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COVID: 800,000 dead, soon to be 1 million. Who have we become?

In a letter published in Seacoast Media online, Fosters and the Union Leader, virologist Walter King laments a comparison of the death toll from COVID to that in America's wars.


This last week, our country’s COVID-19 death toll exceeded 800,000, a number that could reach one million this winter.


Currently, COVID has claimed 1 out of every 100 seniors over the age of 65.


From another perspective, the costliest war in US history was the Civil War, where over 620,000 died. The number of US deaths in other wars (WWII, WW I, Vietnam War, Korean War, Revolutionary War, War of 1812, Mexican War, Iraq-Afghanistan, Spanish-American, and the Gulf War), amounts to 684,253.


These were patriotic Americans who gave their lives to protect our way of life. We have honored them with memorials and have set aside a national holiday so that our nation will never forget.


So why are these COVID deaths only thought of as a statistic? In November, the VA reported that 16,800 veterans have died from COVID in just VA hospitals and medical centers. I am deeply saddened that some of us seem to accept these 821,335 COVID deaths as the price we are willing to pay for personal choice.


What does it say about us when we are willing to fight side by side against threats to our country but are not willing to fight to keep more Americans from dying against an invisible threat? Is this reflective of a change in our American values?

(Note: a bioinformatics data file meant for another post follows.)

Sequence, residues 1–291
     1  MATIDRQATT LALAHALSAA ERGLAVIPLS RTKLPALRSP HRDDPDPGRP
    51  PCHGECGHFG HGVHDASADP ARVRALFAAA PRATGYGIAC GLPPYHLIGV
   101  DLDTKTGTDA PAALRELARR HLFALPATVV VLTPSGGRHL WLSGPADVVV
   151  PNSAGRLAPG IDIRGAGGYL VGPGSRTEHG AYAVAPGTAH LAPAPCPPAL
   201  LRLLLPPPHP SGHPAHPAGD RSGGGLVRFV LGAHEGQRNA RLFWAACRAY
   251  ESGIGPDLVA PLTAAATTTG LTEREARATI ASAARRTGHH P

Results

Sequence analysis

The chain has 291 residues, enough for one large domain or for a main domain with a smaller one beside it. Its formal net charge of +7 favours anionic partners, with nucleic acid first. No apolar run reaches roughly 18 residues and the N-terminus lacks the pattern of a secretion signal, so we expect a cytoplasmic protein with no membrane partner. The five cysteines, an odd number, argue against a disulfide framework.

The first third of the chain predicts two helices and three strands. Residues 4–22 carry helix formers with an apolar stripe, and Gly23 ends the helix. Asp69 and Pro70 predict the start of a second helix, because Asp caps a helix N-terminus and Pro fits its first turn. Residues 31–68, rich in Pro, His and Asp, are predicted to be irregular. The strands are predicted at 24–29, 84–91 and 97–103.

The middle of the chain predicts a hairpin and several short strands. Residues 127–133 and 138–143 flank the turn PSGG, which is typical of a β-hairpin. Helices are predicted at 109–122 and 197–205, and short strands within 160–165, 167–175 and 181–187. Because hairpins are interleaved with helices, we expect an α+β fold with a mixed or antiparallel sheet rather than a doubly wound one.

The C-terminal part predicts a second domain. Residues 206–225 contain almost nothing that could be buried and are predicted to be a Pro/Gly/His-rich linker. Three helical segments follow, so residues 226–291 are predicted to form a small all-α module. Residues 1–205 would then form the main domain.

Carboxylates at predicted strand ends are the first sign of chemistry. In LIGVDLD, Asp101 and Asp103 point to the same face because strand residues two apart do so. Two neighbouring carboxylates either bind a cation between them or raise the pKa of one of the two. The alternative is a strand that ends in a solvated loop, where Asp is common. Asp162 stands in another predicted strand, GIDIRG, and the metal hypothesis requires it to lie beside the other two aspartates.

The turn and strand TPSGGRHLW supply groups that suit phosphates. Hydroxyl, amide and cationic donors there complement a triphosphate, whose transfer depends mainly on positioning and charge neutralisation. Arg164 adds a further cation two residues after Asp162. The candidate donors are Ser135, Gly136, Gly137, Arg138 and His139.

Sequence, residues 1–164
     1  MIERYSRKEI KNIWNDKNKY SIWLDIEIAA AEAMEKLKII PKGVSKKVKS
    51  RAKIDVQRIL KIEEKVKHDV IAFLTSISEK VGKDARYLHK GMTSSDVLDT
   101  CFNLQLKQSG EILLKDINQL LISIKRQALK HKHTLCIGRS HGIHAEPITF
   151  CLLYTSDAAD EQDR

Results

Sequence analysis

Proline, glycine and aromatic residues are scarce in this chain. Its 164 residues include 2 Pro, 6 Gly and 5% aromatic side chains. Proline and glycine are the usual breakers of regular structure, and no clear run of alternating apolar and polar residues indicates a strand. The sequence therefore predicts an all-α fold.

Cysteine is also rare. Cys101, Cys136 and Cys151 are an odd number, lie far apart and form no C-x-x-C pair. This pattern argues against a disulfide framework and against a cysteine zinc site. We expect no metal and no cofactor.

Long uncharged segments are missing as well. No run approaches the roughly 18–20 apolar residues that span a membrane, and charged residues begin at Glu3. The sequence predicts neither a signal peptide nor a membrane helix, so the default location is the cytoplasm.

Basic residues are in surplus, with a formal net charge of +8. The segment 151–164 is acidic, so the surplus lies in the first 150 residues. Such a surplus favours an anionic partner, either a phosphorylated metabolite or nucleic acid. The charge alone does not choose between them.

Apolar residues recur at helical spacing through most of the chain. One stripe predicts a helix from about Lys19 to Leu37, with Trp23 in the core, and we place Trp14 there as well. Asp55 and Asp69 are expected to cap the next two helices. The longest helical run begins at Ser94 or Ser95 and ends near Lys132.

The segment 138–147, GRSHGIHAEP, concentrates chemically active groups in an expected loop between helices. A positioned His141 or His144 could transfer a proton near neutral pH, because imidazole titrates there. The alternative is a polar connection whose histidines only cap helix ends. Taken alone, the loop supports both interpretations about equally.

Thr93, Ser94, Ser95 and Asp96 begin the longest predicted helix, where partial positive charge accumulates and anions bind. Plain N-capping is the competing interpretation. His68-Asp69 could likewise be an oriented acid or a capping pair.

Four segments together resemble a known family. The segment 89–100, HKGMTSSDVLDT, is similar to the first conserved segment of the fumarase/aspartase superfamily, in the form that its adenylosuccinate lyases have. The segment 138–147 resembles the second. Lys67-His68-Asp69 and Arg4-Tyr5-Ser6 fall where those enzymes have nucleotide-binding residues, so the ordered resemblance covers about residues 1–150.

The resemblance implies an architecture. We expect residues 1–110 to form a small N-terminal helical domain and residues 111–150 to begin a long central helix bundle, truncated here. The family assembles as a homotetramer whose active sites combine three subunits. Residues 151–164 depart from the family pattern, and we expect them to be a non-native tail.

Does personal choice dishonor the war deaths of hundreds of thousands of our nation’s finest? I hope not, for that portends the end to the America I know.

 

About the author:



Walter is a retired research and development executive who worked at several leading global healthcare companies including GE Healthcare, Whatman and Abbott Diagnostics. He developed FDA-cleared products for several cancer and prenatal genetic diseases as well as infectious diseases. He is an emeritus member of the American Association for Cancer Research. He completed his college and graduate studies at the University of California, Berkeley and the University of Chicago respectively and completed his postdoctoral studies at the Columbia University Medical Center. He serves on the Advisory Board of the Health Care Voices of New Hampshire and the City of Dover Energy Commission. He chairs Strafford County Democrats, is a member of Dover Democrats and serves on its Executive Committee.

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